Posted in Writing

Brainstorming Basics

For writers always trying to squeak in a few extra minutes for writing it may seem counter-intuitive to say that the best way to develop an idea is to stop thinking about it. But at least for this author it’s true.

Very rarely has an idea that I truly loved come from the conscious act of trying to dream up something to write about. The majority of the time the ideas that are captivating come, not from out of nowhere, but from the periphery of my consciousness…an offshoot of another idea or a random combination of ideas that have rattled around, unused, in my head for months or even years.

Unfortunately, most writers have never been taught how to brainstorm. I graduated from college with a degree in advertising. I’ve never used the degree professionally, but it was the heavy instruction in different styles of writing that stoked my passion for writing.

And in the first week of Copywriting class we got instruction in how to brainstorm. It was drilled into our heads that there are no bad ideas…just ideas you may not want to pursue. But the act of writing down all your ideas, even the lesser ones, and keeping them close by allows your subconscious to keep things simmering.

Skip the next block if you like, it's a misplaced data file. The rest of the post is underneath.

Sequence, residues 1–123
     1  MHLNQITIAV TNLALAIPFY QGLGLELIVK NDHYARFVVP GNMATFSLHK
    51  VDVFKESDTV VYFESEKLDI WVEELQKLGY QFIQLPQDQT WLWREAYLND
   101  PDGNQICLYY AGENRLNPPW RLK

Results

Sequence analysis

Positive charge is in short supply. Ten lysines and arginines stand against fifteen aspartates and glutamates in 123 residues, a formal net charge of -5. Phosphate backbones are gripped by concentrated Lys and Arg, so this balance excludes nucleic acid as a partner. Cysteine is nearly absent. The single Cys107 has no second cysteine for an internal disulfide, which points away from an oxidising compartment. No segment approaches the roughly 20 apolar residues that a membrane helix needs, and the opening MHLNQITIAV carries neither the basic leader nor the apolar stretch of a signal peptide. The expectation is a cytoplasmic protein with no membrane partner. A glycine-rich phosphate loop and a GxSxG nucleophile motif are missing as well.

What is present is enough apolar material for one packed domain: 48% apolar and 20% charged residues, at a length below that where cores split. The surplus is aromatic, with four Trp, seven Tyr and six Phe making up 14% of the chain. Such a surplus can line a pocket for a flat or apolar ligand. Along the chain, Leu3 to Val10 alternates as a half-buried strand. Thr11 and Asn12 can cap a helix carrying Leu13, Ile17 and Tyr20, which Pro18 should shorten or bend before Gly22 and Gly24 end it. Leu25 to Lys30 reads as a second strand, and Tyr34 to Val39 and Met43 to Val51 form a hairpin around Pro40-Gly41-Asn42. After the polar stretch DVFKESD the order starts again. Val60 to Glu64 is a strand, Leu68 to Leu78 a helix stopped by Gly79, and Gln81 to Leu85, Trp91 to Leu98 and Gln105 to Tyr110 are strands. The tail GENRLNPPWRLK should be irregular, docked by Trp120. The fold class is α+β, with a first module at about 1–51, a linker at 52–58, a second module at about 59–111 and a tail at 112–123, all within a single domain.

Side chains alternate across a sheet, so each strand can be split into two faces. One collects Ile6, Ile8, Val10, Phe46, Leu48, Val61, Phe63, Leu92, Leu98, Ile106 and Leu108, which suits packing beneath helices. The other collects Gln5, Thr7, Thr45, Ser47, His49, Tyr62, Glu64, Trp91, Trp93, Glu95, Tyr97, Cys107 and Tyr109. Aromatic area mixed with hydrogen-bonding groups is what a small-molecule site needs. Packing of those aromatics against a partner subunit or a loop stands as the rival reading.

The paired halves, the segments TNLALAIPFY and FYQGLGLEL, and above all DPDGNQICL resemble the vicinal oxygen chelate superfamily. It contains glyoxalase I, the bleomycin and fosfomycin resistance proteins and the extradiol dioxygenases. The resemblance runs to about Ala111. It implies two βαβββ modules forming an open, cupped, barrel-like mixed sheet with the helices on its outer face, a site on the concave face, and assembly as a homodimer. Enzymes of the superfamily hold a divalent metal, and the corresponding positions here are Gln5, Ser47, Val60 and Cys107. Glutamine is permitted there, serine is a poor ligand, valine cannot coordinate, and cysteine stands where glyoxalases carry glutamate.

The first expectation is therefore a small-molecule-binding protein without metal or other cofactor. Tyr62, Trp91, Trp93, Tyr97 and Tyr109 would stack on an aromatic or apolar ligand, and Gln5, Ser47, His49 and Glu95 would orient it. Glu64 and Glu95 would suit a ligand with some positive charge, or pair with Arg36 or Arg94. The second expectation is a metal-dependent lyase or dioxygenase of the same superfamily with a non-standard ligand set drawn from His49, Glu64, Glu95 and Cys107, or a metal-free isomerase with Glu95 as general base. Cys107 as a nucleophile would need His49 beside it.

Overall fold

So for all of you who never learned the proper way to brainstorm ideas, here are some tips:

  • There are no bad ideas. You’ll get farther, faster if you stop telling yourself your ideas are bad.
  • Write down ideas no matter how complete they are. Even if it’s just a sentence fragment.
  • Write it all down. Or record it, or something similar.
  • Every once in a while, review the bits and pieces you’ve jotted down.
  • Use cluster diagrams to link similar ideas (write a main idea in the center of the page, then write related idea around it in a cluster, then connect things that go together with lines; you’ll quickly identify the parts that don’t quite fit).
  • No idea is too small. Somewhere in the back of my mind is a story about the dual meaning of the word spell (the correct use of letters, and the use of magic).
  • Don’t give up on ideas. What does keeping an idea around for a decade really cost you? A small scrap of paper, and the time it takes to reread it once a month?
  • Steal freely and unashamedly from others. Both personal and famous. Of course you won’t be able to use their ideas directly, but combined with some of your ideas you never know what it may spark.
  • Have fun with it. Who is going to see all this aside from you? There is no need for decorum.

So what about you? Do you have any advice to add?

This post was originally posted on Write Anything
where six writers talk about the trials and
tribulations of their writing lives. And each
Tuesday the soapbox belongs to me.

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